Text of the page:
The pummeling New Orleans took from Hurricane Katrina and the failure of its levees was followed by a brutal kick in groin from the Bush Administration and its incompetence in coping with the escalating tragedy. Today at Living in Cinema, our friend Craig Kennedy hits back with a double-punch of his own, featuring another of his fine reviews accompanied by an exclusive conversation with the directors of Trouble the Water. It’s a documentary worthy of awards consideration this season, unique in one aspect as it’s built around the contemporary phenomenon of personal do-it-yourself documentary filmmaking available to everybody — home video footage.
Intrigued by the footage the couple had captured but also recognizing that here was a human face to the Katrina disaster, the filmmakers convinced the couple to let them tell their story. Taking the Roberts‚Äô harrowing brush with Mother Nature and combining it with the story of their ongoing struggle to carry on with life in the aftermath of the storm, a powerful personal portrait emerges. It‚Äôs an inspiring tale of the survival of two people for whom Katrina was just the latest in a long line of traumas, but it also raises serious questions about how an entire segment of society can be neglected in a nation that likes to call itself the most powerful on earth.
By having the patience and discipline to allow Kimberly and Scott‚Äôs story (and the stories of the people they meet along the way) dominate the film while only occasionally injecting their own point of view, Lessin and Deal allow the viewer to be drawn into the drama (instead of being turned off by strident politics). Minds are opened rather than closed and that‚Äôs where conversation and perhaps healing begins.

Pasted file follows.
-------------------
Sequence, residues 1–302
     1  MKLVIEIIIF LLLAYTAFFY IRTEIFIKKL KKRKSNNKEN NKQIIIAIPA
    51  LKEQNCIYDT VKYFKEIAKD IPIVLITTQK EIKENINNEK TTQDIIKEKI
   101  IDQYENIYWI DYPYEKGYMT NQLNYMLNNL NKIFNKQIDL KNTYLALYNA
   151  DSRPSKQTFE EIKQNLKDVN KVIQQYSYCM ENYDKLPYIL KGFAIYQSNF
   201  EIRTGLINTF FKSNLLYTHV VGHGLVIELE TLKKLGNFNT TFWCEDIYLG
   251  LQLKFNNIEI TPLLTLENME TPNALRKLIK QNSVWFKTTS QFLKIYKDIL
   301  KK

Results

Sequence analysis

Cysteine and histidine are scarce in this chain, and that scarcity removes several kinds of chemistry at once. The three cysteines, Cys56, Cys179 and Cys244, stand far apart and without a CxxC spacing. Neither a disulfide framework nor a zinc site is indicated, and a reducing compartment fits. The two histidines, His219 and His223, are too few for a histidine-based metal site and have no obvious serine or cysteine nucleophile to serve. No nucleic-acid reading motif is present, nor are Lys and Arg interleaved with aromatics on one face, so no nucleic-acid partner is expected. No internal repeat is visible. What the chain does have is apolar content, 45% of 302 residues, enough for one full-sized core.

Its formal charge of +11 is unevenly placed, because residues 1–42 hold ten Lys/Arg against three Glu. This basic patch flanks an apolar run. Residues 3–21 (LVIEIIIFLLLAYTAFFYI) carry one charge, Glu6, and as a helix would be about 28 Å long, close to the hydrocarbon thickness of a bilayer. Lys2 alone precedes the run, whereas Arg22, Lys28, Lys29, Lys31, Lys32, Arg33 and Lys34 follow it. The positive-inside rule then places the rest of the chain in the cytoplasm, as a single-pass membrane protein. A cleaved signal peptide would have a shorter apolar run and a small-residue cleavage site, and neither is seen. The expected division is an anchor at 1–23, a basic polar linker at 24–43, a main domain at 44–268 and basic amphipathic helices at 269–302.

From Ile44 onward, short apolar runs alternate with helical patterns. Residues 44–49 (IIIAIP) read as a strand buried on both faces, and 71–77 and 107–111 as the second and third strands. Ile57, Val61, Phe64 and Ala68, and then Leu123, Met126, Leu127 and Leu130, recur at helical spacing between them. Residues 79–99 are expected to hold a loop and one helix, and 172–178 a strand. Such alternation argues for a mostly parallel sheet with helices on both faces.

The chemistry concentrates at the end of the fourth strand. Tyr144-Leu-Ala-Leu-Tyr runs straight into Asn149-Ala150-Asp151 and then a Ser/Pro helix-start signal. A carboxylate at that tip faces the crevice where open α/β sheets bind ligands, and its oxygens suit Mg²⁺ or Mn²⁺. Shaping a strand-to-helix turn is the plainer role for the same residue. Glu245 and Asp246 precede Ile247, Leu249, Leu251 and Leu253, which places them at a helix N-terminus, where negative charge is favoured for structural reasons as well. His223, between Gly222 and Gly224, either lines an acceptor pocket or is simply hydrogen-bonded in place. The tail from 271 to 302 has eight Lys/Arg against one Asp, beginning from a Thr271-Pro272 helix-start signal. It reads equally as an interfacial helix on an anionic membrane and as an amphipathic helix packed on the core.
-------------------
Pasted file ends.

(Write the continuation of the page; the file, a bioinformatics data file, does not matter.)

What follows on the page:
We’re drawn into another conversation at LiC today, as Craig Kennedy scores an interview with the flimmakers themselves. He speaks to the directors Carl Deal and Tia Lessin at length in the first of a multi-part series. Craig demonstrates some of the same patience and discipline in his own interview style, allowing the discussion to chart its own course. Its a tribute to the free-flowing tone he always achieves to see how his review of the film, the interview that follows, and the comments from LiC readers transition seamlessly in a open exchange of intelligent observations and shared concerns.
It’s an important film involving issues that every conscientious citizen should be considering in the weeks leading up to one of the most significant elections in the nation’s history. Coming at time when it’s hard to see past the media blitzkrieg swirling around manufactured cable news faux controversies, Trouble the Water is reminder of the quietly human consequences of noisy political bluster . It’s a subject that deserves our attention, and unlike the shrill talking-head talking points the media uses to simulate seriousness, this fresh look at the Katrina tragedy earns the thoughtful reflection it demands. For anyone truly interested in stories that matter, I can think of no better place to spend time today than reading Craig’s feature interview and participating in the discussion it sparks at Living in Cinema.